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Libre sensor reader

Discussion in 'Diabetes Soapbox - Have Your Say' started by Seacrow, Mar 22, 2022.

  1. Seacrow

    Seacrow LADA · Well-Known Member

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    When I am having a hypo and use the reader to try to find out if I'm a little low or severely crashing, I really don't need an intermediary screen to come up telling me I'm low. I have blurry sight, numb finger tips and I'm blinking at the screen trying to figure out which bit to hit to get it to go away so I can see the important number. The screen tells me my blood glucose is low and this is dangerous. Well, gee, nobody else has ever told me that.

    Yesterday I ended up throwing the da*n thing across the room and just eating until I felt better. One hour later, blood glucose of 24

    OK tantrum over. Is there any way of switching these 'helpful' intermediary screens off?
     
    • Hug Hug x 1
  2. sgm14

    sgm14 · Well-Known Member

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    Not sure if I understand you, but the Free Style libre is not accurate for very low figures and so it does not even try to show you figures below (or equal to) 2.2 and instead will show LO.

    Similarly it does not show 27.8 or above and instead shows HI.
     
    • Agree Agree x 1
  3. In Response

    In Response Type 1 · Well-Known Member

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    I do not use the Libre Reader.
    @Seacrow do you mean that you are using the Libre Reader as a finger prick tester with test strips to check low reading from the sensor?
    I can understand how frustrating it can be when you just want the number but have another warning prior.
    Does the user manual provide any way to turn this off?
     
  4. Seacrow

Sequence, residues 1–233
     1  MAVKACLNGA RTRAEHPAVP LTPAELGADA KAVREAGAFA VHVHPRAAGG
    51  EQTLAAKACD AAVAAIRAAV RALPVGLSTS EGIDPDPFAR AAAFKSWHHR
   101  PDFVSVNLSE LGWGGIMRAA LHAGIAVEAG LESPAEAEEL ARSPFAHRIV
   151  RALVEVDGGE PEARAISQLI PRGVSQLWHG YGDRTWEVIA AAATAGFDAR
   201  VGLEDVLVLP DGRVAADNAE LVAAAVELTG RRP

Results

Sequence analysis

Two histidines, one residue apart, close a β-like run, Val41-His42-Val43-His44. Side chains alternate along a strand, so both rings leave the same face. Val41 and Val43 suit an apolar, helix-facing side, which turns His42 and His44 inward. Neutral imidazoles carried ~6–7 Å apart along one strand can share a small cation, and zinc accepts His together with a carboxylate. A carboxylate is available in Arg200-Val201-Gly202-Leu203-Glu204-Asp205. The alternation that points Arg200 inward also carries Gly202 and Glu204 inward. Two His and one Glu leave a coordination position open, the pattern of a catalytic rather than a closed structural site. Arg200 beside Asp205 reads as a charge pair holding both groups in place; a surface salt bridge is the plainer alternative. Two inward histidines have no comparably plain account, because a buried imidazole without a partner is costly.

Seacrow LADA · Well-Known Member

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    If I got down to 2.2 I'd be unconscious, so that's that problem solved. It's more the arrow direction I want, so I can tell if I'm slowly drifting down and need a couple of biscuits, or if a hypo is incoming at high speed (arrow straight down) and I need to start knocking back the Lucozade.
     
  5. Seacrow

    Seacrow LADA · Well-Known Member

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    No, I have the sensor stuck in my arm, and use the sensor reader to see what my blood glucose is. No finger pricking involved. Although my doctor has asked (in a puzzled tone of voice) why I'm not using the libre to test my ketones instead of urine dip sticks. Uh, because no-one told me it was possible.

    I have scanned through the user manual (all half inch thick of it) and found nothing obvious. If it's there I'm managing to miss it.
     
  6. In Response

    In Response Type 1 · Well-Known Member

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    In which case, why are you not finger pricking to check highs and lows?
    It has been written many many times on this forum and elsewhere that CGMs are calibrated fir normal levels. Highs and lows must ALWAYS be checked with finger pricks before treating. That includes testing for hypo recovery.
     
  7. EllieM

    EllieM Type 1 · Moderator
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    Well, I hope he also gave you a prescription for blood ketone strips, because they are a lot more expensive than urine ones.

    I slightly disagree here. If you're feeling hypo symptoms and the sensor says you are really low, I'd knock back a couple of glucose tablets before using my glucometer to see how much more I needed.... But I have had a my bgs go into the 20s when my dexcom told me I was repeatedly low during an evening, so I kept treating, though I wasn't low at all. If I'm having a bad hypo I use my glucometer to tell me when to stop panicking because the delay in interstitial readings means I seem to be going down for longer than I am...